The decks are awash: the tears have already reached the scuppers, and there’s no sign of abatement. The output from the perpetually lachrymose has been prodigious.
Even people who aren’t baseball fans are screaming, eyes bedewed, for justice—justice at any cost!
“They outta let managers have red flags!”
“Why don’t they have instant replay? They have it everywhere else!”
“Oh, hu, hu hu! It isn’t fair!”
Before one more word: I am a lifelong Detroit Tigers fan. Although I no longer live in that shell of a city (and its degradation is truly something worth weeping over), I routinely pay for remote access to the games, and follow the team both on and off season.
Like any fan, I’m happy when the team wins, not so happy when they lose. It might even be true that, in my greener days, my passion was such that the intersection of my metacarpals and phalanges met and breeched the thin veneer of an apartment door in San Antonio after the Tige’s dropped a game in the 1984 series.
(I am enough of a fan to know that the previous sentence does not contain a typo.)
I also wasn’t so happy when Jim Joyce blew the call which changed Armando Galarraga’s recorded game from a no hitter to a one hitter.
My disappointment was almost immediately tempered by my now advanced age, but also by the way Joyce—who is the spitting image of my Uncle Pat—handled his mistake. “I blew it,” he said. And he said it over and over, emphasizing and demonstrating that he knew of the importance of his missed call. He screwed up and took his medicine like a man. What more can you ask for?
Turns out, a lot of people are asking for a hell of lot more. They are asking that baseball be forever altered. But should we be picketing Bud Selig’s office with posters that read “Change we can believe in”?
Let’s pause to understand exactly what happened. Galarraga indeed pitched a perfect game, one of only twenty others in the history of the game. Wait a second. Did you get that? Galarraga pitched a perfect game.
Everybody knows this. But many are besides themselves with grief because Galarraga’s game won’t be recorded in some dusty tome without a superscripted asterisk. These people are acting like the fans of a hit movie that did not win the Oscar who have falsely convinced themselves that the lack of a goofy statue on the Director’s mantle somehow diminishes the beauty of the film.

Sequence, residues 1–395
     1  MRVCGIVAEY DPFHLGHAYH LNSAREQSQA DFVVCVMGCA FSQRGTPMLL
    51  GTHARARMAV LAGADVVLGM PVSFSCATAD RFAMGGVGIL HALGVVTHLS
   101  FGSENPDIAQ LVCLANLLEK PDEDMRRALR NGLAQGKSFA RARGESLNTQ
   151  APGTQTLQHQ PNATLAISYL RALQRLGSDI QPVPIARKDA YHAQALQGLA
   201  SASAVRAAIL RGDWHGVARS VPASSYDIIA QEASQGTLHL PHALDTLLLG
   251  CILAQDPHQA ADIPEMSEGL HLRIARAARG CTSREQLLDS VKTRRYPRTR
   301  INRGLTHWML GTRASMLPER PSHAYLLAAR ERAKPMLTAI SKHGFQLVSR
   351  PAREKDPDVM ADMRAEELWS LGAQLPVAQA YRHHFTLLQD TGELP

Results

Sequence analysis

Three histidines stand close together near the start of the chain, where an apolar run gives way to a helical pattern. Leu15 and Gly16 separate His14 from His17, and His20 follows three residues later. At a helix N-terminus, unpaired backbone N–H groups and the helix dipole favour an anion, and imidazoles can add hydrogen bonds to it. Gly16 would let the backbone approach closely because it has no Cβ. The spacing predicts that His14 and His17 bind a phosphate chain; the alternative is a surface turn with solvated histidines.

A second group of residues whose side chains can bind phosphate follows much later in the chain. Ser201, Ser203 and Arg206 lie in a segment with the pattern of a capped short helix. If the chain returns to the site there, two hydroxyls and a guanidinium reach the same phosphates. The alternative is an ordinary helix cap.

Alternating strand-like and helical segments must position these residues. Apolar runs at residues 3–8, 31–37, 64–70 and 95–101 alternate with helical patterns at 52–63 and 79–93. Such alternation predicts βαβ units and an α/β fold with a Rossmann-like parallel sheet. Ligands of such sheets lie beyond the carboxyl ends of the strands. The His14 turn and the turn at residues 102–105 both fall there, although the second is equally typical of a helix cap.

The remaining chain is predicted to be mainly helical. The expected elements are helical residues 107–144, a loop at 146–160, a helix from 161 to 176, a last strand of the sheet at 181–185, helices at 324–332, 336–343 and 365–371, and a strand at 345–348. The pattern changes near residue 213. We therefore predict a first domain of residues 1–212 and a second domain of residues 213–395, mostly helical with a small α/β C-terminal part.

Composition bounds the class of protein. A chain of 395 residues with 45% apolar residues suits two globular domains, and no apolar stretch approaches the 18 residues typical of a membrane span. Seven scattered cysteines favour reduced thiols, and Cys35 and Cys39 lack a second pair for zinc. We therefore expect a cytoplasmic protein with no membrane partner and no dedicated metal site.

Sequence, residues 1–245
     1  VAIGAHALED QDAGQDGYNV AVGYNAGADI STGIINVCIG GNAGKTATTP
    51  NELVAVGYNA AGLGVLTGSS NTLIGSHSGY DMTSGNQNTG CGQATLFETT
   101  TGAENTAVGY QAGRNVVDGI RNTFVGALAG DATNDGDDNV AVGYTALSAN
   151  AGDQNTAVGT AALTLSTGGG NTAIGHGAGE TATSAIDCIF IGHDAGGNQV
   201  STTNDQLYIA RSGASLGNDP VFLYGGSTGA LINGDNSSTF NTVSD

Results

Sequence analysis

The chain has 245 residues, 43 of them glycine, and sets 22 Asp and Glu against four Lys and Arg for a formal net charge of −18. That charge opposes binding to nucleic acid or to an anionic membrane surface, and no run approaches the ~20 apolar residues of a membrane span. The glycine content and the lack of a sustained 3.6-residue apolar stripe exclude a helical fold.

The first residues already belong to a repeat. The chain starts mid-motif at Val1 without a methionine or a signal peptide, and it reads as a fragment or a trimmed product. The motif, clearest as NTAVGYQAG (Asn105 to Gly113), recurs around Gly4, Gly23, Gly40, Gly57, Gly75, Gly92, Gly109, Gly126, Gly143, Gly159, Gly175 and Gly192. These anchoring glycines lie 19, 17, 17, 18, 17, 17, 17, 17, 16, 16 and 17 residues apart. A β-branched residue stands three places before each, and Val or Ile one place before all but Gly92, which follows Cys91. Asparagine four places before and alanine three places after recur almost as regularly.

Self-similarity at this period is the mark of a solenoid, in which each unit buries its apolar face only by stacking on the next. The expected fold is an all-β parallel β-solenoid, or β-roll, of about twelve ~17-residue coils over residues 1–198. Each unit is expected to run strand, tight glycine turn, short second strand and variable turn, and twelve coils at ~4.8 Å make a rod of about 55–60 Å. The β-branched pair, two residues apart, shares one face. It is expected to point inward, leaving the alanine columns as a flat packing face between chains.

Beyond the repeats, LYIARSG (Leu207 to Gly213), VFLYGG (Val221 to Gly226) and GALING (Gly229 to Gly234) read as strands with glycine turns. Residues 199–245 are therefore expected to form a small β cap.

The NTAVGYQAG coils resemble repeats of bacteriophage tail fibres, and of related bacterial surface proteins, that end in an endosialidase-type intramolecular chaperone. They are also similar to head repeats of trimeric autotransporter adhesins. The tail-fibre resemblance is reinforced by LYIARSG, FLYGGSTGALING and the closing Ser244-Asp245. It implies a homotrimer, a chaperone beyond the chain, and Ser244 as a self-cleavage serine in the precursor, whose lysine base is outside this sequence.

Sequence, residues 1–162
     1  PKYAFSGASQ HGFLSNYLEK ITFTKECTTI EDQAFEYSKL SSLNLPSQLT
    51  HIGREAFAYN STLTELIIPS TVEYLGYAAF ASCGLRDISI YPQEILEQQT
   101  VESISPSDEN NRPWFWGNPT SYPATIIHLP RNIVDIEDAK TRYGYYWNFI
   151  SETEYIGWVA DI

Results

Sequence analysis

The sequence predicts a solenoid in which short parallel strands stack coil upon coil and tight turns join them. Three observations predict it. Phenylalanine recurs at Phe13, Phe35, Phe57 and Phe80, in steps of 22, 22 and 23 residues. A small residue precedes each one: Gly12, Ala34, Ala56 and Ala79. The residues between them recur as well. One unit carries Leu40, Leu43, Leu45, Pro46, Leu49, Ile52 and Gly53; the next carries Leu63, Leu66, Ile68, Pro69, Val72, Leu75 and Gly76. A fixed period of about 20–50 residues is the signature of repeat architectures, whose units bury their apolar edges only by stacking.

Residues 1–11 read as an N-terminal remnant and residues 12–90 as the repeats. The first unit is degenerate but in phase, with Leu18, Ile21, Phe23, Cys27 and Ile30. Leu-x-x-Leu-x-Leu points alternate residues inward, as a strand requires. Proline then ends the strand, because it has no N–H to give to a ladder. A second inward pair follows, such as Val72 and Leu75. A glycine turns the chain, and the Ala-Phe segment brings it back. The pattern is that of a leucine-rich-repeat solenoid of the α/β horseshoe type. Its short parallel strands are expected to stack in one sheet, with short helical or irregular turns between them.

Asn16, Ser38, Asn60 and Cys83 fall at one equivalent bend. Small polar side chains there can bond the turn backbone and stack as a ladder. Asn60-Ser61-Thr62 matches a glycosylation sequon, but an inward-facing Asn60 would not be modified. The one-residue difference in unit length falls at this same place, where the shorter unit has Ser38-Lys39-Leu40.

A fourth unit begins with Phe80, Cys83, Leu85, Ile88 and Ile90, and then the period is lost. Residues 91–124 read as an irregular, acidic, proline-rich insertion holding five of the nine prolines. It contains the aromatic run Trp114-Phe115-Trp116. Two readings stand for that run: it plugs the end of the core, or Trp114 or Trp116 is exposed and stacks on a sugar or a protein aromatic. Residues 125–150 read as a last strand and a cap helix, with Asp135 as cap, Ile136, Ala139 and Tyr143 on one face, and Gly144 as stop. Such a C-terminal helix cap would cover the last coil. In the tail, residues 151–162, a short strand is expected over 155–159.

There are growing calls for Selig to “reverse” the umpire’s call, and thus retroactively change history. Perhaps, in their fevered imaginations, they see Selig removing his ducal dagger to cut the sealed records, they envision that his magic eraser swabbing out Galarraga’s asterisk will ease their pain.
You know what these cries sound like? Exactly like a people trained to grieve over every perceived inconvenience. “Oh, why won’t they pass a new rule or law and so restore justice?” They are like the children who have refused to believe that life isn’t fair and that it is sometimes tragic, and who say that if only we tinker with the system sufficiently and overlay enough provisos, then nothing will go wrong. Where else have we heard that?
For over a century players have styled their game and managers have developed methods to account for the human element and possibility of umpire error. For example, you ever see a catcher shift his glove from off the bag to somewhere closer to the strike zone in order to fool the ump? It sometimes works, especially on the close calls.
Injustice! But do you eliminate it short of putting an camera inside the catcher’s mask, a team of videographers then reviewing each pitch. Won’t that be fun.
There are dozens of other examples. But we have enough experience with instant reply in other sports to know that its introduction in baseball will be no panacea. Already in football, we are one step shy of allowing lawyers to rush the field after each play to file little red affidavits. Games will soon no longer be decided at stadiums, but in the courts.
Anyway, instant replay is imperfect. The camera angles are not always cooperative, the delays caused by umpires peering at cloth covered screens are interminable, and the reversals, when the come, are always a let down. True, they give a momentary sense of triumph that all is set right, but they leave a bad taste because the game has been shifted from men to machines.
But best argument is: How do we know any change will result in a healthier game overall? Biologists tells us that nearly all mutations are bad. And history has taught us that the best laid plans of progress oft go awry.
Conserve the game as it is. Resist change, embrace tradition.